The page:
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Mum from Take Care Of Maya Netflix doc sent heartbreaking final email to family

Rhiannon Ingle

| Last updated 

Content warning: This article contains subject matter some readers may find upsetting.

The latest documentary to hit Netflix, Take Care of Maya, has left audiences absolutely furious and has since been dubbed one of 'the most gut-wrenching' things people have seen in quite some time.

The film follows the heartbreaking true story of the nightmare that unfolded for parents Jack and Beata Kowalski and their 10-year-old daughter, Maya.

Viewers can now read the harrowing final email Maya's mother, Beata, sent to her loved ones before tragically taking her own life after the ordeal that struck their family.

Maya with her mum. Credit: Netflix
Maya with her mum. Credit: Netflix

The string of tragic events first began when Maya was just nine years old.

She started suffering with chronic pain, namely experiencing mysterious asthma attacks and headaches along with lesions forming on her body and severe foot cramps.

After seeking professional help in 2015, Maya was diagnosed with complex regional pain syndrome (CRPS).


A doctor, Anthony Kirkpatrick, later prescribed the young girl high doses of ketamine.

However, when that failed to stop the chronic pain, he suggested Maya be put into a five day 'ketamine coma' in an attempt to essentially reset her nervous system leading the family to travel to Mexico for the treatment.

Maya was put into a five day 'ketamine coma' to alleviate her chronic pain. Credit: Netflix
Maya was put into a five day 'ketamine coma' to alleviate her chronic pain. Credit: Netflix

While things started momentarily looking up for the child, they unfortunately took a turn when Maya relapsed in October of 2016.


Her parents rushed Maya to the Johns Hopkins All Children’s Hospital in St. Petersburg, Florida.

Maya's mother, a registered nurse, was then accused of medical child abuse against her daughter who, just 10-years-old at the time, was subsequently taken into state custody.

Staff at the hospital claimed Beata had a condition called Munchausen by proxy (MSP) - a mental illness and form of child abuse where a parent makes up fake symptoms or causes real symptoms to make it look like the child is sick.

Beata ended up being prevented from seeing her child altogether throughout the ordeal even though a psychological evaluation found she did not have the illness.


Maya, now 17, was placed under the custody of the state for three months during the time.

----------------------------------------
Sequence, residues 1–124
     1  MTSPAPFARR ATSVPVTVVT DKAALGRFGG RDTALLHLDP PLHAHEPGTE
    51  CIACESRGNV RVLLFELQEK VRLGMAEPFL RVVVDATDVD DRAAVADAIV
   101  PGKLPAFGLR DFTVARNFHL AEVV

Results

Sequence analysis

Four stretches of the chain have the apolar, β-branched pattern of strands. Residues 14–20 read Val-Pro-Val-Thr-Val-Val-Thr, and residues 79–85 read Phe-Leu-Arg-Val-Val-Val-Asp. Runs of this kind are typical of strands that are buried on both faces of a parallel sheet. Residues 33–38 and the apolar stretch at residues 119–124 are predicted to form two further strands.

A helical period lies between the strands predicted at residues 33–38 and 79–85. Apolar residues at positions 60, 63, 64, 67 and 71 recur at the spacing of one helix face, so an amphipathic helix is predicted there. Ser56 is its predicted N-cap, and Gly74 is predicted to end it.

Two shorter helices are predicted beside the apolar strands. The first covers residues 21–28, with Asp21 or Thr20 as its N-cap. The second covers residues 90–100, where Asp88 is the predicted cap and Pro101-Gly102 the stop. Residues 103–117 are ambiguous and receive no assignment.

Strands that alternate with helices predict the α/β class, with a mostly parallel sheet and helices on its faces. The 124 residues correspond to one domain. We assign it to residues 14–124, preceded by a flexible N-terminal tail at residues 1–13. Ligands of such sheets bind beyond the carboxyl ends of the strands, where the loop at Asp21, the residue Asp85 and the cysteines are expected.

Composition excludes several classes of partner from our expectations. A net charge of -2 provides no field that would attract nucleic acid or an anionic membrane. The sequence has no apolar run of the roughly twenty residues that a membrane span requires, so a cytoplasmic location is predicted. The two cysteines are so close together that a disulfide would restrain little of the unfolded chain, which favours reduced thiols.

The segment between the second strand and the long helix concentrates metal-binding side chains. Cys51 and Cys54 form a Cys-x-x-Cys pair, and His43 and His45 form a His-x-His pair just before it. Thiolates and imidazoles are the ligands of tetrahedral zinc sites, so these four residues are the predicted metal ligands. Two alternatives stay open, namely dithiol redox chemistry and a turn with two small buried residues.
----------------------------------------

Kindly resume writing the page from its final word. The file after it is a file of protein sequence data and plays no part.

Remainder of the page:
The Kowalski family are now suing a Florida hospital for $220 million following the ordeal. Credit: Netflix
The Kowalski family are now suing a Florida hospital for $220 million following the ordeal. Credit: Netflix

Beata eventually died in January of 2017 at the age of 43 after taking her own life enduring more than 87 days without her daughter.

The official Netflix synopsis reads: "As the medical team tried to understand her rare illness, they began to question the basic truths that bound the Kowalskis together. Suddenly, Maya was in state custody - despite two parents who were desperate to bring their daughter home.


"The story of the Kowalski family - as told in their own words - will change the way you look at children’s healthcare forever."

In an email discovered after her untimely passing, Beata wrote: "Please take care of Maya and tell her how much I love her every day. I'm sorry but I no longer can take the pain being away from Maya and being treated like a criminal.

"I cannot watch my daughter suffer in pain and keep getting worse."

Maya at 17 years old now. Credit: Netflix
Maya at 17 years old now. Credit: Netflix

Following the tragic ordeal, the Kowalski family are now in the process of suing Johns Hopkins All Children's Hospital for $55 million (£43m) in compensatory and $165 million (£129m) in punitive damages.

The case has been lodged on behalf of the family by AndersonGlenn LLP, with a trial date set for September of this year.

In an interview with People about the documentary earlier this month, Maya - who is now 17 - shared an update on her health.

She told the outlet that she now has full use of her arms and legs, but still finds herself crying out in agony some nights.

"I do my best to push through," Maya said.

"I’ve already missed a lot, so I want to make the most of life now."

Take Care of Maya is available to watch on Netflix now.

If you’ve been affected by any of these issues and want to speak to someone in confidence, please don’t suffer alone. Call Samaritans for free on their anonymous 24-hour phone line on 116 123

If you have experienced a bereavement and would like to speak with someone in confidence, contact Cruse Bereavement Care via their national helpline on 0808 808 1677

Topics: Health, Mental Health, Netflix, Documentaries

Rhiannon Ingle
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